When the New York Knicks drafted Immanuel Quickley in 2020, they didnâ€™t imagine he would become one of their catalysts on offense. At 21-years-old, Quickley made 64 appearances, averaging 19.4 minutes per game. He produced 11.4 points, 2.0 assists, and shot nearly 40% from the field. He also connected on 39% of the shots from three, averaging 4.7 times per game. With a 50% effective field-goal percentage, Quickley is heading into the 2021-22 season with improvements on his mind but a solid foundation to build off of.
Critics might focus on his assist per game from last season, claiming that he is not capable of playing point guard, but he proved otherwise during Summer League play this off-season. Over 33.5 minutes, Quickley produced 7.8 assists and 20.2 points. While he shot just 33.7% from the field and 24% from three, a small five-game sample size doesnâ€™t entirely tell the full story. His floaters were golden, showcasing one of his most lethal traits.
However, Quickley has adapted to a combo guard role, capable of leading an offense but also featuring as a shooting specialist that can draw attention from defenders. In fact, it is entirely possible that the Knicks view Quickley as a potential long-term solution at point guard, despite signing Derrick Rose and Kemba Walker to multi-year contracts. Quickley can easily fill the PG spot if injuries arise, but they prefer for him to be one of their super subs off the bench.
With superior athleticism, Quickley is still developing his offensive game and shot creation. Quickley was tied for the fifth-lowest percentage of shots at the rim in the NBA last season, landing at .059%, coming from 0-3 feet away. If he can improve his conversion rate in the layup category, the young guard can develop into one of the most lethal weapons on the roster.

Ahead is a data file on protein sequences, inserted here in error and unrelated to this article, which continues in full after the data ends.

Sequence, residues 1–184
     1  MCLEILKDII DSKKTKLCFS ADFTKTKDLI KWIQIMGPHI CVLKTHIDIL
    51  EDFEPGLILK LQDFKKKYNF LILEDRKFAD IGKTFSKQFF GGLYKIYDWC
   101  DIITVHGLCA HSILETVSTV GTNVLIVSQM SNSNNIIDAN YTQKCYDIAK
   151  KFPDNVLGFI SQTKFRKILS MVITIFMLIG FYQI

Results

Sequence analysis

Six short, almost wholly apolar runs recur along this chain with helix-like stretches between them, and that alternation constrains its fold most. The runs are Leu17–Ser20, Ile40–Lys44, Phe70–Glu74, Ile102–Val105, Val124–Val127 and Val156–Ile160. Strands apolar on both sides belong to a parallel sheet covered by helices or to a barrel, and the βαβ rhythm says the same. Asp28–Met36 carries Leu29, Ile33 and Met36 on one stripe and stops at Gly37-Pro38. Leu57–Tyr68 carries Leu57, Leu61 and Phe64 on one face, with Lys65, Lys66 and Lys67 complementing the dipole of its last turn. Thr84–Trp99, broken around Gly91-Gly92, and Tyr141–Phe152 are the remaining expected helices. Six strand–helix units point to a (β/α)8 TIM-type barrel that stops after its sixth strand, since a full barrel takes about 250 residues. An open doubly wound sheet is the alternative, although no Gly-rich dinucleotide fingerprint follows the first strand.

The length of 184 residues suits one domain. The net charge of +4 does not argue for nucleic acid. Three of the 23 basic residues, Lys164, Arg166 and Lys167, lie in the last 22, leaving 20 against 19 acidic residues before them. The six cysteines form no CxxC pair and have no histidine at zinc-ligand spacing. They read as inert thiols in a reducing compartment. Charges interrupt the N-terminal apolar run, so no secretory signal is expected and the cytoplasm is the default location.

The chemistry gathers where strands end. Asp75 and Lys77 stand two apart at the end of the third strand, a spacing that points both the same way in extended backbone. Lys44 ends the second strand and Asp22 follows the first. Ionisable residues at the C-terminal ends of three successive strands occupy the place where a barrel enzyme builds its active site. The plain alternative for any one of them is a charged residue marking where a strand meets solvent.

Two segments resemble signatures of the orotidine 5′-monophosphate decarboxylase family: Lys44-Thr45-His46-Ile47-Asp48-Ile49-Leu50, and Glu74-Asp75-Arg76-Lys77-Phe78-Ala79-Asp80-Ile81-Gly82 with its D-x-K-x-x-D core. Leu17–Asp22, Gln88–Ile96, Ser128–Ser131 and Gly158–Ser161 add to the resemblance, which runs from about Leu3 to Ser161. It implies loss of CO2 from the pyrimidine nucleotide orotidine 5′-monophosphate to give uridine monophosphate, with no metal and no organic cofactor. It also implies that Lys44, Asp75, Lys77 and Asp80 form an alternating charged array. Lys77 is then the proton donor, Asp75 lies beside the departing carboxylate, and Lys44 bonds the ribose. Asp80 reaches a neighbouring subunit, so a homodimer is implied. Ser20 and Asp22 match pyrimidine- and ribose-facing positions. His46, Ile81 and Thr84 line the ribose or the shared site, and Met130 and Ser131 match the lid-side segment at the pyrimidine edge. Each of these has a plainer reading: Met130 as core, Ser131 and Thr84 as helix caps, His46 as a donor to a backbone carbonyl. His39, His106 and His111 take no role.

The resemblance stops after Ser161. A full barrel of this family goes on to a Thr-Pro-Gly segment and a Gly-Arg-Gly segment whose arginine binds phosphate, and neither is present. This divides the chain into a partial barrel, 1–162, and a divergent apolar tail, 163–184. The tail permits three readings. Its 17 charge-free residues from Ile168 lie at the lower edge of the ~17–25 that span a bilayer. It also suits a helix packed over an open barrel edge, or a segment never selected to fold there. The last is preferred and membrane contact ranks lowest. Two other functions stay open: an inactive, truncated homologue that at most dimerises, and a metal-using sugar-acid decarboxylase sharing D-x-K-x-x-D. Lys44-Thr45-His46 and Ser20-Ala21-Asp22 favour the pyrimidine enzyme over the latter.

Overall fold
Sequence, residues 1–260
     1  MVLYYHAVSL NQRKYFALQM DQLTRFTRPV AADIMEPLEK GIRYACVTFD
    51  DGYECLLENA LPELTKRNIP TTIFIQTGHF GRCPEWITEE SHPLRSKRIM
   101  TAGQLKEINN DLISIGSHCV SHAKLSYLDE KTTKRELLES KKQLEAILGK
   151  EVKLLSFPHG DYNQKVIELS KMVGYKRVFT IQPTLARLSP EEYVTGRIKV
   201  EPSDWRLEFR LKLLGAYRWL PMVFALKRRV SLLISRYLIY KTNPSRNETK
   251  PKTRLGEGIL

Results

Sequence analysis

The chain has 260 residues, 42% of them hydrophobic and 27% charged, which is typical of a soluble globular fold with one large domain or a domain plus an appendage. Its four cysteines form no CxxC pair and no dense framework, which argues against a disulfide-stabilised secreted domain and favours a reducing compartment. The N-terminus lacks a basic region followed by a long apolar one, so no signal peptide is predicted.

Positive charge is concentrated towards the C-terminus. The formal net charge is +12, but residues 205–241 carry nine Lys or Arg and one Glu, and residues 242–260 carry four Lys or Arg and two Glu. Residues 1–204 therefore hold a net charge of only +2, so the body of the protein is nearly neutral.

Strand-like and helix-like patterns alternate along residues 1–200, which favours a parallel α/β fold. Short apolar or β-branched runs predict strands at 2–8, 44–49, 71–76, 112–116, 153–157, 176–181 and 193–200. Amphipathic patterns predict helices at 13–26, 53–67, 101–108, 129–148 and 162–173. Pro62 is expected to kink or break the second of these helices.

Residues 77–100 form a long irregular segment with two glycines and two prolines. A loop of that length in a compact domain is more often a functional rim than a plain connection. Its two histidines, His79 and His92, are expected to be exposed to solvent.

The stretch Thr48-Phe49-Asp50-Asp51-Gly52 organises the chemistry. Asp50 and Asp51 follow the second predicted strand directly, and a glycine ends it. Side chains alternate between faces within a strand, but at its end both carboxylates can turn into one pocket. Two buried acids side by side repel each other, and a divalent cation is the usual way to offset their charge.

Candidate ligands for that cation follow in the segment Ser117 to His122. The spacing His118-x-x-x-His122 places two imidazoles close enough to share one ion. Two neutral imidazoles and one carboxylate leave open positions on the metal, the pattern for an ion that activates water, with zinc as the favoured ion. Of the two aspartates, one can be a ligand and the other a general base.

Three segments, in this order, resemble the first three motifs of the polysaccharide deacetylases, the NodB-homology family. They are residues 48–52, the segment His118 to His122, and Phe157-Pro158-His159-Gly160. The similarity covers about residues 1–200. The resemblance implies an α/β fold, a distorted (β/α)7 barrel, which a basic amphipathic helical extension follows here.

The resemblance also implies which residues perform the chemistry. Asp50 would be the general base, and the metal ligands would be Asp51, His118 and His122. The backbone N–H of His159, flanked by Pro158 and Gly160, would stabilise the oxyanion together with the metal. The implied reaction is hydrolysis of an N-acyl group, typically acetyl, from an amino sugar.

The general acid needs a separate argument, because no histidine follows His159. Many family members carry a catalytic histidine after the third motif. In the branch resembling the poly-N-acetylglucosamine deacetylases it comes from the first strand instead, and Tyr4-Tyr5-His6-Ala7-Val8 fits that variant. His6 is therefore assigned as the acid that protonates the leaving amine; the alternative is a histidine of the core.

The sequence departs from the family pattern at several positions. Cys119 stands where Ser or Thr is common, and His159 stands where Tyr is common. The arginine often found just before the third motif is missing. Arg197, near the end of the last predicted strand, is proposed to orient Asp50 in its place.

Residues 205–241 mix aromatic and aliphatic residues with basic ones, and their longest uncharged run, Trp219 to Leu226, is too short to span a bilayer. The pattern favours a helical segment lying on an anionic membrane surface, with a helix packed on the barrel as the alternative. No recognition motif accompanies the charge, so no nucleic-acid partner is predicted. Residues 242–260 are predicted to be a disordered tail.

Extracting the most value out of the former Kentucky stand-out starts with injecting him into the lineup at the right times. Quickley will likely start on the bench after the signing of Evan Fournier and Walker, but that doesnâ€™t mean he wonâ€™t have a significant impact. Head coach Tom Thibodeau will be curating lineup combinations, and Quickley could feature in multiple, including at the point guard position and shooting guard with Julius Randle on the floor to help kick the ball out to the perimeter.
The one thing that Immanuel needs to work on is his patience and shot selection. At times, Quickley can get overzealous and attack without much of a plan. If he can script specific moves and play off his teammates, he will see his efficiency elevate. That is a big reason his shooting percentages during the Summer League were so erratic — he was far too over-aggressive at times instead of trusting his teammates and passing the ball effectively.
The Knicks will likely avoid that issue by having him spread the floor and hover into open space where the primary offensive threat can find him as a secondary option. The Knicks would love for IQ to be their primary 6th man next season, but he also has to improve his defensive qualities before Thibodeau can trust him with a regular role.